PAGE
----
Back to the present: eccomi qui ad accogliere la fine dell’anno (scolastico) con nostalgia ed emozione.  Perché parto per le mie sponde natali un p
aio di giorni dopo.  Accidenti ai ricordi, all’ansia, alla paura e alla gioia, alla rabbia e all’abbandono, alla voglia di emozionarmi e anche di fregarmene.  Ma di solito ci si mette il giubbotto antidolorifico e la maschera di ferrea imperturbabilità, e si affronta il passato-presente con un sorriso coraggioso.

Le valigie chiuse, in fila nell’ingresso, le saracinesche ben serrate; il frigo staccato, lo sportello aperto, le mensole vuote.  L’esodo estivo del mio “c’era-una-volta”.  I vasi di gerani erano già in alloggio sul balcone di vicini che non andavano in vacanza.  Spegni le luci, controlla l’interruttore, sollecitava mia madre, e il gas, abbiamo girato la valvola?  Quasi sempre però, dopo la chiusura ufficiale del portone e qualche chilometro verso la meta estiva, si tornava indietro perché, oddio, non mi ricordo se ho staccato il ferro da stiro…Parole spesso seguite da un litigio animato, lacrime e musi lunghi fino al giorno dopo.

Viaggio in aereo io, un percorso lungo e noioso, scomoda sul sedile che reclina solo di un centimetro, ad occhi aperti nella notte tra le stelle, perché a dormire proprio non ci riesco in volo.  Auricolari a posto, bicchiere di plastica col vino bianco fino all’orlo, guardo un film dopo l’altro (di cui poi non ricordo un cavolo).

Vorrei riabbracciarvi tutti, miei cari.  Chi lo vorrà, a chi importa ancora tenersi stretto questo fragile rapporto intercontinentale. Se poi siete troppo presi
dalle vostre vite super-busy, e avete altro da fare (o temete chissaché), ebbene sia.  Comunque io scrivo, ecco, la mia tastiera è attiva non-stopAnd everything is material, for sure. J

Sono pronta, Portici.  Ad affrontare quel che sia.  Ho già le scarpe all’altezza degli adorabili ma micidiali sanpietrini: zeppe alte e solide (ma stylish, chiaro) che scalpitano impazientemente (no, non m’incastro stavolta…).

Sono forte, adesso, e molto più saggia di quanto avessi mai immaginato.  Succede a volte.

Volo verso l’estate (ma ad occhi aperti)

Eh, sì, Portici cara, arrivo!  Viaggio estivo stavolta.  Sono tanti, tanti anni che no vivo la mia terra a fine giu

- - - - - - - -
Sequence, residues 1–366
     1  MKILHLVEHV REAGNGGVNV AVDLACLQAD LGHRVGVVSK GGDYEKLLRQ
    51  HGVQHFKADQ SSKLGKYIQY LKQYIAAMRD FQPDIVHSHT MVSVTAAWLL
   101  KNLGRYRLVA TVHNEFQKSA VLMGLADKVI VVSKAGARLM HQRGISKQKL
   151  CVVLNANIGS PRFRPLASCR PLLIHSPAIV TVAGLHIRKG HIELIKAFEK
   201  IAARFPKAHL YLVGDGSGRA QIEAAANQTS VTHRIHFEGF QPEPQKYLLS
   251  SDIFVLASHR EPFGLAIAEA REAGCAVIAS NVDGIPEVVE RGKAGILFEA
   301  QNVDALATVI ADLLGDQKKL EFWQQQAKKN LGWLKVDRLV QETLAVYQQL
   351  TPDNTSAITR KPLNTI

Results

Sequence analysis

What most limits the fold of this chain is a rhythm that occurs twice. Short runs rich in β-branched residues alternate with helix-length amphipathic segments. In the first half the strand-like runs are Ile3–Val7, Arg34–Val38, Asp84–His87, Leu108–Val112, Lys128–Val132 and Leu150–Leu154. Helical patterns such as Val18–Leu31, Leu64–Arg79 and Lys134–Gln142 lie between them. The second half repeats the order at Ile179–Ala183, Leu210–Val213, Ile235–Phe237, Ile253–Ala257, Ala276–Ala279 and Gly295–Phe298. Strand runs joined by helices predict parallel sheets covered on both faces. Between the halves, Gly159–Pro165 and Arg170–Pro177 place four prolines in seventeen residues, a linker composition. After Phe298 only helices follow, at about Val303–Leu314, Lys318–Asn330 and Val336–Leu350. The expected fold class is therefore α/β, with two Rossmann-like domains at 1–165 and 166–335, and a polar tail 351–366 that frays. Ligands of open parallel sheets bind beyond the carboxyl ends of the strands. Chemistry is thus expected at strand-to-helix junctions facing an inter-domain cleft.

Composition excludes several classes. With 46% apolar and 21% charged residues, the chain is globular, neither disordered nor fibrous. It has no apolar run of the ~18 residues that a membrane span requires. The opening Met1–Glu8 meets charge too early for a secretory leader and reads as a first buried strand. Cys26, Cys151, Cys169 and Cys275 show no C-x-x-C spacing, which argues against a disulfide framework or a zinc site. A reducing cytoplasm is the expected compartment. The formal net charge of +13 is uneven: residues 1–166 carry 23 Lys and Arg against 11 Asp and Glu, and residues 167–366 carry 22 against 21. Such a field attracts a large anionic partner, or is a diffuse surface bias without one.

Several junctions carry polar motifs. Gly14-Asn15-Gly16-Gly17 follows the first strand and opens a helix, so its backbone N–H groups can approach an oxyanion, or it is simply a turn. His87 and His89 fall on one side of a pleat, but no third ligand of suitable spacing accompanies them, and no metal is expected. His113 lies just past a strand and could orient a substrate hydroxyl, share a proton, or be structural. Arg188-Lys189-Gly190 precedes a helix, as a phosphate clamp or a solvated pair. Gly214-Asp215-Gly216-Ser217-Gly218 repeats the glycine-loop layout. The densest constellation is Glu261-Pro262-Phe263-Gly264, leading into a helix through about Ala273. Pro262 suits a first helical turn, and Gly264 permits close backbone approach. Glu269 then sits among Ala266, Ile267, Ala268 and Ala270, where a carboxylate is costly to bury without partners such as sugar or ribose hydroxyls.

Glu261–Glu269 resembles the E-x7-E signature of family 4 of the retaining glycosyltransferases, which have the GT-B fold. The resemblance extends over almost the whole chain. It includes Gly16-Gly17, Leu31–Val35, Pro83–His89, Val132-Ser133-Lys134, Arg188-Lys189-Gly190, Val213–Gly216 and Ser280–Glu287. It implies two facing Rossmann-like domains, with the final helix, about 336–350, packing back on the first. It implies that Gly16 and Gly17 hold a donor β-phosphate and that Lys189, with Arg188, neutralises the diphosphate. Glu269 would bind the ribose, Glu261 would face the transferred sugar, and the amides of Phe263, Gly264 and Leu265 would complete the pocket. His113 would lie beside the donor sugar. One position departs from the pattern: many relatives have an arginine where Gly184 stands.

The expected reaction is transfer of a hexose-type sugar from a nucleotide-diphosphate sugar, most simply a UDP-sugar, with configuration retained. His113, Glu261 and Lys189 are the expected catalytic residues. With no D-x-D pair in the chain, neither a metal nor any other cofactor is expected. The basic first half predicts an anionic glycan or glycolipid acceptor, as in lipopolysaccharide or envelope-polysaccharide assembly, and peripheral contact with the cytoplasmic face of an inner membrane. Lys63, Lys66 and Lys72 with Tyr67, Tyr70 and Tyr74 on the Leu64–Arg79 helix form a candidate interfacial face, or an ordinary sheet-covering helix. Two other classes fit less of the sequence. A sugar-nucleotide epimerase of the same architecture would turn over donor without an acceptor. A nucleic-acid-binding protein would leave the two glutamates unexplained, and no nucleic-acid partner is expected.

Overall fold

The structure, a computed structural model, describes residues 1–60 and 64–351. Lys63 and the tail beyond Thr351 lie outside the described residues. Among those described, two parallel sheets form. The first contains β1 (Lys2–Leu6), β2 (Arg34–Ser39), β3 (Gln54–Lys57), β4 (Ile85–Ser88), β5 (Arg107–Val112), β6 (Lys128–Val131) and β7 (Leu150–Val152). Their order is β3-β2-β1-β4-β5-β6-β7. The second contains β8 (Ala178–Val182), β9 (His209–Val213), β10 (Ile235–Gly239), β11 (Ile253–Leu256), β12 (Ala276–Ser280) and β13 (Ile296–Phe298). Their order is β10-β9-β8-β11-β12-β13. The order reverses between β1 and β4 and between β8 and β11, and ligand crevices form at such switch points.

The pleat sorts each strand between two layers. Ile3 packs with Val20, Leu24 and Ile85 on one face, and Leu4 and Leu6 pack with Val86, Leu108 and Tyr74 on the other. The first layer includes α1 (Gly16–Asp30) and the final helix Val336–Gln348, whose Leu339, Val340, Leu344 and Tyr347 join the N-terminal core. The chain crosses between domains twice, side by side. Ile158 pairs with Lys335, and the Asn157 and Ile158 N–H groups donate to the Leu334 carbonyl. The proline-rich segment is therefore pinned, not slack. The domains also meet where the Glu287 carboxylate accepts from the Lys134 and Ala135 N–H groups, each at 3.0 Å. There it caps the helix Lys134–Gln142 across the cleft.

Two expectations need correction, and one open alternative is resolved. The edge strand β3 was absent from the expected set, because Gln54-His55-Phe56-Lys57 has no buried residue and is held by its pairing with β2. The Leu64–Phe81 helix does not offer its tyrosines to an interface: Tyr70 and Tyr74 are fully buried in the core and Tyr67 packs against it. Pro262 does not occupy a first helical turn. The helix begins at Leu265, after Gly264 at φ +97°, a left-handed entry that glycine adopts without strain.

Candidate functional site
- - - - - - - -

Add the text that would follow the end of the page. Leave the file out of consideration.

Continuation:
gno.  È il primo autunno che di solito mi trova in Italia, con le sue temperature calme, la luce carezzevole e un po’ sonnolenta, gli alberi ancora pictureostinatamente verdi mentre i nostri cominciano ad invecchiare gialli e arancioni.

Niente giacca stavolta, niente sciarpe.  Sandali aperti (con tanto di tacco, chiaro) e gonne leggere che svolazzano nelle brezze tiepide dell’estate appena nata.

Portici vivace e libera, le voci allegre che risuonano la sera tardi, provenienti dai bar e dalle piazzette, gli ultimi tormentoni che ti fanno venire una fitta al cuore con le prime note perché sono le parole e gli accenti con cui sei nata e saranno sempre i primi e gli ultimi.

Parto sorridente e traboccante di buona volontà.

Ma lo scudo me lo porto.

Perché ingenua non lo sono più, e il meccanismo di naturale self-defense deve rimanere costantemente attivo.

C’è sempre chi ha voglia di farti inciampare e ci prova pure gusto.  Per ragioni che a volte proprio non riesci a comprendere.

Evito, dunque, le situazioni che sanno di trappola, scivolo via silenziosa e cauta, risoluta a non tornare più indietro.  Anche se poi finirò col farlo.  Human nature: glutton for punishment.

Ma basta.  Solo il Vesuvio nei miei pensieri.  E il bosco reale, il Granatello, Viale Leonardo, i sanpietrini, il tennis club il cui nome voi che mi conoscete ben sapete; i vicoli e le traverse del passato, che incombe – crudele e dolcissimo – su ogni momento dei miei giorni.  Ascolto Biagio invece di Claudio, i Modà al posto dei Pooh, anche se è vero che questa serata l’ho voluta io, nonostante tutto.

Venite a stringermi la mano, voi semi-fantasmi che mi osservate di nascosto, sicuri della vostra anonimità (ma vi vedo io).  Abbassate le armi, respirate profondamente e afferrate quel diem sfuggente.

I can’t tell them I was there